Veterans are those who have served in the American military and are now finished with their service. Many veterans want to find new employment after being discharged, including starting a small business. There are a number of programs designed to help veterans start small businesses that may use their skills and create jobs that grow the economy.
Many new businesses fail, but the ones that succeed have support from others with more experience and who have gone before them. It only makes sense to make use of the resources available to you and give yourself the best chance of success if you are a veteran who wants to start their own business.
Resources for Veterans
A good place to start when looking for resources about veterans and small business is the U.S. Small Business Administration Office of Veterans Business Development. Veterans Business Outreach Centers (VBOC) in a number of locations throughout the U.S. provide business training and development resources for veterans, those transitioning to civilian life, National Guard, and Military Reserve members, and military spouses.
Veterans can get help from 20 partner organizations with every part of the process of starting a small business. Business planning and concept assessment, feasibility analysis, mentorship and business development are all part of the services available to help get the business going with the best chance of success.
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The Office of Veterans Business Development also offers periodic grants for which veterans can apply to get help with startup costs or with expanding an existing business. Grants are also awarded to organizations that provide entrepreneurship training programs targeted to service-disabled businesses to enable them to overcome disabilities as they seek to become entrepreneurs.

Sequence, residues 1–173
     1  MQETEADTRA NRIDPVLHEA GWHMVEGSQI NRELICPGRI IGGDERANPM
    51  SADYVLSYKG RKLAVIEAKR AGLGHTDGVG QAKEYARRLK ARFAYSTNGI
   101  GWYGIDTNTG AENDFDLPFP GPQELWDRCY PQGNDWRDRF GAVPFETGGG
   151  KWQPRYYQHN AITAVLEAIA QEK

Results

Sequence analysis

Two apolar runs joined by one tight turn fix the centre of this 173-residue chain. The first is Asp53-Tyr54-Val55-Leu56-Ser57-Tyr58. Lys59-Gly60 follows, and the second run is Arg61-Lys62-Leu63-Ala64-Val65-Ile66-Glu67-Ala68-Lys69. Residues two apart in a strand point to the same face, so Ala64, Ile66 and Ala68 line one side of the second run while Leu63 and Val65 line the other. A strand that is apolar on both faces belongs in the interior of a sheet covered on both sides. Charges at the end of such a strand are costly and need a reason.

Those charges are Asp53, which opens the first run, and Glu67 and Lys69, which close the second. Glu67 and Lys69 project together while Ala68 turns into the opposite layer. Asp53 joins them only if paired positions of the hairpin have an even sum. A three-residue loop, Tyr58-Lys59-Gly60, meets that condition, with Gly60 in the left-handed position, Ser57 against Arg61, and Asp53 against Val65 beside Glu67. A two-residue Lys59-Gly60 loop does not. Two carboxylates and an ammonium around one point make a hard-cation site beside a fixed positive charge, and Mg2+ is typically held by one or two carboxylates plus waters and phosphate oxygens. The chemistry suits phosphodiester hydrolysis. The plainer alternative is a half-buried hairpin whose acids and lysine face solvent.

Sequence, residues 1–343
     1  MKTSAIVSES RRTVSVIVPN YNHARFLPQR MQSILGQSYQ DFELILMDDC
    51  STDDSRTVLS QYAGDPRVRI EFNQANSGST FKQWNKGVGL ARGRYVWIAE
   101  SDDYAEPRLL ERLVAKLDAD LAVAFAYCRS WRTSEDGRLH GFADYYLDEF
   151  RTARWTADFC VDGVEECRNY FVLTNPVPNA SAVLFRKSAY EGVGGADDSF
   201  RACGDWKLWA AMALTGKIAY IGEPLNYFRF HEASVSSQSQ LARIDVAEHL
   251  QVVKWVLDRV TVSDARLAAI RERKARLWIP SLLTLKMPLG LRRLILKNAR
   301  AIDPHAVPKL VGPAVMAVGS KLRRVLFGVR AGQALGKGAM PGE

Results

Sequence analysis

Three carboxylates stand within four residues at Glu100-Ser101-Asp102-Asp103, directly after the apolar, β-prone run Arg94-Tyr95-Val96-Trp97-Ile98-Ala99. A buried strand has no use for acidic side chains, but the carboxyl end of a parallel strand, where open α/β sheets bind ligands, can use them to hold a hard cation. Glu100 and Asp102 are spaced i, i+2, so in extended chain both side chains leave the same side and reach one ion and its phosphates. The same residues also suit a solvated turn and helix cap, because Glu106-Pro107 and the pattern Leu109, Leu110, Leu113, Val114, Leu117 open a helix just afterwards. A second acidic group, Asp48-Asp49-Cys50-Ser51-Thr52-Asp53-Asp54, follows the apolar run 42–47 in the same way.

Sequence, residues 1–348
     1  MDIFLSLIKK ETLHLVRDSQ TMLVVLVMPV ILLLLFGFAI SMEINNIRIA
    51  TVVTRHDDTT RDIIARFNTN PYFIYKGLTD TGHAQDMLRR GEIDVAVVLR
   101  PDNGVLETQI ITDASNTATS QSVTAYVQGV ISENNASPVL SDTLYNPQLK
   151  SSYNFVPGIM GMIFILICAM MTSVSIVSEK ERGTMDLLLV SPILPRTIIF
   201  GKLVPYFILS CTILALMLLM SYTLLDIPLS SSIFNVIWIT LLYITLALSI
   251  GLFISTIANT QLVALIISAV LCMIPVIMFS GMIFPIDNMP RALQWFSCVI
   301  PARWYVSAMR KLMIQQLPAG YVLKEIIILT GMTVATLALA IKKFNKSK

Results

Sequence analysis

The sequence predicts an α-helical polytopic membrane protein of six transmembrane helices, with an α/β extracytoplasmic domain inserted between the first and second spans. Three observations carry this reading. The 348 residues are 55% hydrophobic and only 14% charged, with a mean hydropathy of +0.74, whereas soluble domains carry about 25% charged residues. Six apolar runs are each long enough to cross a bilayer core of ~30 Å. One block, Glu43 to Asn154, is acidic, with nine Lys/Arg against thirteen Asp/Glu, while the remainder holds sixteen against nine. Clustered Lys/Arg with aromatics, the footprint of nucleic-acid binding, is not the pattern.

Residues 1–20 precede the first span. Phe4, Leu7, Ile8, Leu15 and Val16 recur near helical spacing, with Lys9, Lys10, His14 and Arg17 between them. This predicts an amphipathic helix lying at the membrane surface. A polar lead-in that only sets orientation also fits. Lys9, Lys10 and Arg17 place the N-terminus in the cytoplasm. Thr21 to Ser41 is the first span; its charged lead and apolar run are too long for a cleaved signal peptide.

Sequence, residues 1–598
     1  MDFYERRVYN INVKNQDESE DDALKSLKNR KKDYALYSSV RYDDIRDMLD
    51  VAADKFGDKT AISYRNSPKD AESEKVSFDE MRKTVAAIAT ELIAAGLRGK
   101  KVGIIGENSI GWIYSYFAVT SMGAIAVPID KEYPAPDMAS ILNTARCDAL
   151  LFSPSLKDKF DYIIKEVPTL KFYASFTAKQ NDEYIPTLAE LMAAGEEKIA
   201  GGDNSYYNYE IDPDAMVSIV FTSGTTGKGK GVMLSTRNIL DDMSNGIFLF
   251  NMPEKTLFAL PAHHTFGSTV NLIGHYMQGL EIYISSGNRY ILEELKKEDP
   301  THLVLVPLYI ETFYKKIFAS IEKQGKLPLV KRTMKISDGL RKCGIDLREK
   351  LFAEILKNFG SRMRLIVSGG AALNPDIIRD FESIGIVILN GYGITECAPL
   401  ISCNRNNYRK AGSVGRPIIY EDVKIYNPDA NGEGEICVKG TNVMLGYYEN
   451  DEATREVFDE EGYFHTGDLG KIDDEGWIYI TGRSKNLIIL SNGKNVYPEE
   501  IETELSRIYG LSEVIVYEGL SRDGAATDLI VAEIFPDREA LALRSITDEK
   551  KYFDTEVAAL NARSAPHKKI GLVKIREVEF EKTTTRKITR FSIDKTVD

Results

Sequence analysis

The Street Shares Foundation offers a limited number of $10,000 grants over a three-month period to veterans whose business ideas are sound and benefit the veteran community in some way.
While some grants are not given directly to veteran entrepreneurs, the services they provide directly benefit veterans seeking entrepreneurship training and give them the skills they need to be successful when they do start businesses.
When grants are not available, low- or no-cost loans provided through the Small Business Administration Veterans Advantage Lending program can help provide startup funds that are sometimes needed to enable veterans to start the business that will provide their livelihood going forward.
Getting Started as a Veteran Entrepreneur
The first step to having a Veteran-owned business is to register in the VetBiz directory. This registration is typically necessary in order to qualify for grant and loans earmarked for veterans. The VA Office of Small and Disadvantaged Business Utilization website has steps for becoming registered in the VetBiz directory and verified as a veteran-owned business so that you have a chance for other resources and helps like grants and loans.
Once you register in the VetBiz directory, you will have access to a Veteran Entrepreneurial Portal with more resources and step-by-step guides for navigating different processes and programs.